Four medical and four nursing students work together for four weeks on the ITW in interprofessional tandems (one medical student and one nursing trainee). Each interprofessional tandem is responsible for three patients and covers a morning or an afternoon shift each day. The night shift and weekends are covered by physicians and nurses. To prepare the learners for their placement on the ITW they undergo an introductory training on their first day. During this training they get to know the other student members of the team and the supervising professional medical and nursing facilitators. They also learn about relevant aspects of the daily routine on the ITW (e.g., performing a standardized ward round, using the IT systems) and familiarize themselves with technical devices on the ward (defibrillator, monitor system etc.). Besides daily patient care and two supervised interprofessional ward rounds as well as interprofessional handovers between the early and the late shift, the ITW training program focusses on clinical skills and interprofessional tasks including collaborative decisions, treatment and diagnostic planning as well as collaborative admissions and post discharge care. Once a week, a team meeting for bilateral feedback and reflection with all trainees and facilitators takes place. In this context, problematic situations or interactions with patients or colleagues are discussed to eliminate misunderstandings or conflicts and avoid a stereotyping of the professions. Thus, the training program on the ITW includes several of the most important basic medical competencies relevant for beginning residents [12, 13].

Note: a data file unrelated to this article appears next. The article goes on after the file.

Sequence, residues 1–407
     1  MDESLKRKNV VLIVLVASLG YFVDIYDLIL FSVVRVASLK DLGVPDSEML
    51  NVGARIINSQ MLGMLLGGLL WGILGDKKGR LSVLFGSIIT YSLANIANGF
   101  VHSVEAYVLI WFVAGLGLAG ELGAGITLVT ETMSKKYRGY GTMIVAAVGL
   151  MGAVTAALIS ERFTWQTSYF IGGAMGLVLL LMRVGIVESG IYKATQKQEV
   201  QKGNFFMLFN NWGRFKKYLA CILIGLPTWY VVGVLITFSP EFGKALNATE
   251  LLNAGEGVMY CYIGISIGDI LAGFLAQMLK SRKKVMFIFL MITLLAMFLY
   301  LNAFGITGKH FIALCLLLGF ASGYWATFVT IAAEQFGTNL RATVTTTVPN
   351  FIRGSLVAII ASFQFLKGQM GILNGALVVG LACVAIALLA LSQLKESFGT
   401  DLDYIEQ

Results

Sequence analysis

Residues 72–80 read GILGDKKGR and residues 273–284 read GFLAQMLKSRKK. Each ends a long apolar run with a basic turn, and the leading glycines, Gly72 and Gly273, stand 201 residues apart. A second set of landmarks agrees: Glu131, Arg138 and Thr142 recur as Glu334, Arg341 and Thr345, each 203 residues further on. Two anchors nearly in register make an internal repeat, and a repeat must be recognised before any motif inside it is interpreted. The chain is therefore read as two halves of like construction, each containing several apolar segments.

Competency-based telemedicine training